The New Zealand Railways Magazine, Volume 11, Issue 2 (May 1, 1936)
The Soul Of Saturday
A Symbol for Salubrity.
Could we all but recover the soul of Saturday the world might wag instead of wobble.
But man, in the main, gropes in irksome excavations of Expediency, dug with his own fingernails—wells of necessity, badly bored and boresome. He sacrifices colour for collar, wisdom for whiskers, freedom for fret, comfort for cash, ingenuousness for ingeniousness and simplicity for complicity. He is hopelessly grown-up, an incorrigible adult, a moribund machinator with miserly Molloch, and a pitiful plaintiff in the courts of Common Sense, suing for the things he has tossed to the tumbrels and wondering why he loses the case and bears the costs. Because he has sacrificed the soul of Saturday and exchanged Simplicity for Duplicity he is of the lost legion. For the soul of Saturday is the soul of Youth and the charge to be answered by us mendacious meddlers in the schemes and schisms of the Wider Wisdom follows the fact that Youth never dies unless it is murdered.
So, we who moan and mumble that gone is the light from life, the gilt from Glamour, the “rococo” from Romance, and the soul from Saturday, are mental gangsters who have taken Youth “for a ride” and put it “on the spot.”
If, in spite of the exigencies of the interior and exterior, we can keep our souls up while we keep our noses down, there is hope while we grope, and we may regain that subtle something which, in our youth, was the soul of Saturday and the epitomisation of elation.
For this soul of Saturday is but a symbol for sentient salubrity.
Unless we have become atrophied in the “attic” and petrified in the perceptions, we surely can resurrect the emotions which, when life was young and our future was before us instead of behind us, lifted us from the moraine of mathematics and the antics of Algebra and transported us to the bonny braes of Saturday, where the sweet fresh breeze of Freedom blew the dry dust of durance out of the chinks in our brain.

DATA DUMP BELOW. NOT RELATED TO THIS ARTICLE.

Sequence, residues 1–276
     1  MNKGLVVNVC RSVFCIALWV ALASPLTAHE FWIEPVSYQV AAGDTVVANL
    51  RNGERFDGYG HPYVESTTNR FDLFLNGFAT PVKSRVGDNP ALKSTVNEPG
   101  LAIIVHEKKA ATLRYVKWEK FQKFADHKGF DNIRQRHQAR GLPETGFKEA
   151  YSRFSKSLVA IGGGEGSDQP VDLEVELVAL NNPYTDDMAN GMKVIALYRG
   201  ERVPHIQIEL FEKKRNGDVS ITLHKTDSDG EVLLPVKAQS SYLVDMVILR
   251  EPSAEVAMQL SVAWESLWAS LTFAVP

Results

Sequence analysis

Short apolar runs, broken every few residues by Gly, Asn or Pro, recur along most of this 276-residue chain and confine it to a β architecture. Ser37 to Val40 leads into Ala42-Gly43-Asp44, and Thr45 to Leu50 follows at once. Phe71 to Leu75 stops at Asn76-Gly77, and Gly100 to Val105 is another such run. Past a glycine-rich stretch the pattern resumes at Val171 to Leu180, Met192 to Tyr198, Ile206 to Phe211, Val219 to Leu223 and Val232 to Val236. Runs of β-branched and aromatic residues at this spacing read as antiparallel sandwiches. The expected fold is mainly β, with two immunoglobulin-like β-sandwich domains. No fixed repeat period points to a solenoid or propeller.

Don't you remember Saturday? Why, even Friday was warmed by the anticipatory efflatus of Saturday. Even dull Duty, with pen poised over facts and figures in the Book of Scholastic Skill and Nutrient Knowledge, smiled wanly on youth, toiling to acquire they knew not what, for what they knew not.
Friday was almost as admirable as Saturday because, “if Friday comes ‘twill soon be Saturday.”
Some of us adulterated adults must still be capable of capturing a faint reflection of those fibulous Fridays. Even yet—
There's “something” in the ambient air of Friday,
A something subtly soothing—bona fide,
For Friday is the worn week's latter-day,
And almost hand-in-hand with Saturday.
On Friday comes the maid Ann Ticipation
To woo the mind with hints of relaxation,
And Striving needs must vie with puckish Play,
When Friday comes to herald Saturday.
That's if the soul's not dead but only slumbers,
And life is something more than sums and numbers.
The gardener turns his thoughts to planting “caulis,”
Forgetting for the nonce man's fettered follies,
And finding freedom from the toils of Toil,
In contemplation of the simple soil.
The golfer dreams of niblick and of “putt,”
And wonders why his mashie shots go “phut.”
So Friday, on a proper estimation,
Is brightened by such thoughts of relaxation,
Until, in fact, ‘tis almost true to say,
That out of both emerges “Fritter-day.”
But Saturday always remains—just Saturday.